The 50-kilometer’s demise has Elliott Denman upset. Denman, a sportswriter who was a racewalker for the U.S. team in the Melbourne Games in 1956, said in an email that he was angered by the removal of “the longest and toughest of all events.”
The race, which was introduced in 1932 at the Los Angeles Games and held every Summer Olympics since then except the Montreal Games in 1976, is apparently too slow and tedious for younger sports fans. On television, the walkers also look like they’re jogging, which doesn’t help the sport.
“Unless the situation takes a drastic U-turn somewhere down the road, and don’t get your hopes up about it — the Sapporo 50K champion will be the 20th and last in an amazing series,” Denman wrote. Racewalkers, he added, “loved every step of their long journeys” and “now, for all that effort, they’re being told to ‘go take a hike.’”
The race, like the men’s and women’s marathons, was moved from Tokyo to Sapporo, on the northern island of Hokkaido, because it’s cooler there. It began at 5:30 a.m. local time on Friday, just after sunrise.
Dawid Tomala of Poland won the gold medal in 3:50:08, nearly 18 minutes short of the Olympic record, which will now stand for eternity.
TOKYO — As the Ukrainian synchronized swimming duo Marta Fedina and Anastasia Savchuk prepared to stride onto the podium to celebrate their bronze model, the announcer at the Tokyo Aquatics Center could not have made a more awkward slip of the tongue.
Instead of referring to Fedina and Savchuk as hailing from Ukraine, they were announced as having represented the Russian Olympic Committee, the label Russian athletes are competing under in Tokyo as part of the punishments imposed after their country’s recent doping scandals.
Russia and Ukraine remain locked in a yearslong conflict dating to 2014, when Russia annexed Crimea.
Podium announcements at the Games are made first in French, and then in Japanese and English. According to Masa Takaya, a spokesman for the 2020 Olympic organizing committee, the announcer quickly realized that a mistake had been made in French and corrected it before the wrong designation could be made in the other two languages.
The slip-up led to some confusion during the ceremony. A Russian pair had won gold in the competition and were amazed to hear their team’s name called out twice.
“There was a pause, no one had a clue of what was going on, but the situation was straightened out later,” Svetlana Kolesnichenko, one of the Russian gold medalists, told Russia’s state-run news agency TASS.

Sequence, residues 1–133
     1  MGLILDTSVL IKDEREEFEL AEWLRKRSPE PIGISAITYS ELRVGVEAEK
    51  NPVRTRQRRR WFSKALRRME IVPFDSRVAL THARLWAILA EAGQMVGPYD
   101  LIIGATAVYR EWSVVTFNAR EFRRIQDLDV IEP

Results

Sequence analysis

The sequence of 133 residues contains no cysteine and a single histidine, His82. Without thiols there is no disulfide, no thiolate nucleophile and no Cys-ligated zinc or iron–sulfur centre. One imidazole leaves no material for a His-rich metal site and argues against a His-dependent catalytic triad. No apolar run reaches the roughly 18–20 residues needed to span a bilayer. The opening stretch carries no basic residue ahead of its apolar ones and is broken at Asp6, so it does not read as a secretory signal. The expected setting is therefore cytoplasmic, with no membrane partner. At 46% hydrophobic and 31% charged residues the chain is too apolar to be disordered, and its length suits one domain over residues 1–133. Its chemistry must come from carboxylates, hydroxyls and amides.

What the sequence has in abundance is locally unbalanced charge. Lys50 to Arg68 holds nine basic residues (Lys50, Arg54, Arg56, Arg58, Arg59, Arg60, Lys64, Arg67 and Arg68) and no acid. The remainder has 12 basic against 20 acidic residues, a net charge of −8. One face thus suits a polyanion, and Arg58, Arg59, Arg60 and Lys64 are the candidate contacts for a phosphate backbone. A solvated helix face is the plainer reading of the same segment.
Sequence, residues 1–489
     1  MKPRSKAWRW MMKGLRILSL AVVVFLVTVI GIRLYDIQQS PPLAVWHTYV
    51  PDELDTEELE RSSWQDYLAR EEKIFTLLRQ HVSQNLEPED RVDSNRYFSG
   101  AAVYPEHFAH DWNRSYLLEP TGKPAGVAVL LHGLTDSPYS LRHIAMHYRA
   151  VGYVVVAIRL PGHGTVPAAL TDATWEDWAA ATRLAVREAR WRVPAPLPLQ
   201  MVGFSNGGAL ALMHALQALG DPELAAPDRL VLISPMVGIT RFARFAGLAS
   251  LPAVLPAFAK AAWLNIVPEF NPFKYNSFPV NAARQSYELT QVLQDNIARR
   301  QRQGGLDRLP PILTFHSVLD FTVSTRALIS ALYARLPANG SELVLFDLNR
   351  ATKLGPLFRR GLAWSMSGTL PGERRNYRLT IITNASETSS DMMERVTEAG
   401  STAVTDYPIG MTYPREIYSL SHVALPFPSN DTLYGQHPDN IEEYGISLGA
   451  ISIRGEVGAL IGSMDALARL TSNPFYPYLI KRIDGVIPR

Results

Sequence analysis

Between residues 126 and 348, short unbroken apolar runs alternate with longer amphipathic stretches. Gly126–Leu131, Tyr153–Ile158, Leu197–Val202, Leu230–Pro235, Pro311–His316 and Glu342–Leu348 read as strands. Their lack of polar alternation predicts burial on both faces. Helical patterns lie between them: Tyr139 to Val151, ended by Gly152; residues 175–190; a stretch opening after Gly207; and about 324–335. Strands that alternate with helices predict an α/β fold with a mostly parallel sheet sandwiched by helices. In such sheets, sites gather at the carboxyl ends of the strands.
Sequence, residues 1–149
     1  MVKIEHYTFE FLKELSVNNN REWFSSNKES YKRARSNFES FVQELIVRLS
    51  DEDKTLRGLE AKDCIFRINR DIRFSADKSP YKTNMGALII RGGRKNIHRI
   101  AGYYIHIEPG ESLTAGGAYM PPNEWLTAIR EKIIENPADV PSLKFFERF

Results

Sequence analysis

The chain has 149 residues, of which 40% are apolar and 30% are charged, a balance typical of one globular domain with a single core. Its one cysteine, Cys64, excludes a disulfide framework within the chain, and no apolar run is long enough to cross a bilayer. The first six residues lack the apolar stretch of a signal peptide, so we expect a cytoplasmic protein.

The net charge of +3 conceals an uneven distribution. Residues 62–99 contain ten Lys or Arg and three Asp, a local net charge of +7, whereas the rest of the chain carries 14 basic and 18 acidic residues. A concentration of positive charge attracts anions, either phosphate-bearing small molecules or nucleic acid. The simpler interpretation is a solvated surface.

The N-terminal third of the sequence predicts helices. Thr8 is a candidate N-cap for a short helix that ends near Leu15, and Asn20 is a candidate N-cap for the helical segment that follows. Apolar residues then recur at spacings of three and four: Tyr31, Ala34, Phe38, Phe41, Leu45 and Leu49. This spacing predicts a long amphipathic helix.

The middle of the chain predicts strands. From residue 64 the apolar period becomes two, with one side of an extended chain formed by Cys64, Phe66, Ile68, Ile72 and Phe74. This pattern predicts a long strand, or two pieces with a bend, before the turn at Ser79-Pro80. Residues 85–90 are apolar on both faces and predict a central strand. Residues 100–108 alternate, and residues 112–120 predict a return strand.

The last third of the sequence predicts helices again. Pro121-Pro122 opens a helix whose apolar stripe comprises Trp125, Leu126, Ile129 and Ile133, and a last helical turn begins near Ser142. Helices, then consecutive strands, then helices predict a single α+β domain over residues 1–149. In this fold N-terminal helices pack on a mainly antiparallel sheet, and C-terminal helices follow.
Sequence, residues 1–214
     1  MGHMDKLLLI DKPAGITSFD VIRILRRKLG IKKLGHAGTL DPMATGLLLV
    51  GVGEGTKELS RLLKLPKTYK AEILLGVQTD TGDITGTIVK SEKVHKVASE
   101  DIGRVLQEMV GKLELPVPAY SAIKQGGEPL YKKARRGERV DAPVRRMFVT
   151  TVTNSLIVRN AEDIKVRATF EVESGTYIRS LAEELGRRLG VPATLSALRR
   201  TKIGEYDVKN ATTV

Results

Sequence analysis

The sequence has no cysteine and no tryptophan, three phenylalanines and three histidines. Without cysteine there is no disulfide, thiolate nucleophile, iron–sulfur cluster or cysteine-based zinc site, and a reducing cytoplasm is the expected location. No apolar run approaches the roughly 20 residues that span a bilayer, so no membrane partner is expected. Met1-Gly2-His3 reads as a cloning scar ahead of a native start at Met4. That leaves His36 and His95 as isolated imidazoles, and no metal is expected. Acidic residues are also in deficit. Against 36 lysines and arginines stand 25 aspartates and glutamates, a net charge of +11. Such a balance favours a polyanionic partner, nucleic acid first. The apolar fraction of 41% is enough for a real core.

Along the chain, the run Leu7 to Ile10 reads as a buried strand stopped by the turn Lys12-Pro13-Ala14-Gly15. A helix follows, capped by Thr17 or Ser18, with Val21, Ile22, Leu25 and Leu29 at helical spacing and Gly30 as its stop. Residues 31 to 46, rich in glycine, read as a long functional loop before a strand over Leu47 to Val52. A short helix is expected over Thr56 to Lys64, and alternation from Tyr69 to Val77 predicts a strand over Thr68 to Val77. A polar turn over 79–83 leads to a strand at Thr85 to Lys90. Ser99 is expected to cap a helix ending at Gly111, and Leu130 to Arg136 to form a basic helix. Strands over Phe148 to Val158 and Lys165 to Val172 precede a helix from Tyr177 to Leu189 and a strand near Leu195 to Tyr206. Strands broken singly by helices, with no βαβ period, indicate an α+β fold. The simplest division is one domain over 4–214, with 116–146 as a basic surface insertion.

Takaya said it was “purely an operational mistake” and issued another apology to the athletes and Ukraine’s delegation in Tokyo.
TOKYO — There aren’t many world-class canoers from the United States. There’s really just one.
At 17, Nevin Harrison was the only American to make a final at the last canoe/kayak sprint world championships in 2019. She won the gold medal.
At 19, she was the only American canoe or kayak sprinter to even qualify for the Olympics. On Thursday in the 200 meters, she won a gold medal again.
Russian Olympic Committee
She blasted to victory in 45.932 seconds, beating Laurence Vincent-Lapointe of Canada and Liudmyla Luzan of Ukraine.
“I definitely was shaking a little at the start,” Harrison said after her win. “It was scary, to say the least.”
The 200 meters, almost a dead sprint from start to finish, is the shortest race on the Olympic program. Though Harrison says she does rest a bit in the second 50.
“It’s such a crazy big dream,” she said of the gold medal, “that it doesn’t even seem like it’s achievable.”
Canoe/kayak sprint is also called flat-water to distinguish it from the white-water canoe slalom events held earlier in the Games. Flat-water canoeing for women is making its debut at the Tokyo Olympics; before these Games, women had competed only in kayak.
“It’s been a hard journey because I didn’t have anyone to follow,” Harrison said. “I hope to be that person for the next generation.” She promised to return for the Paris Games in 2024.
Harrison’s medal was the first in canoe or kayak sprint for the United States since Greg Barton won four total medals at the 1984, ’88 and ’92 Games (one of them with Norman Bellingham). No American woman had won a canoe/kayak sprint medal since 1964.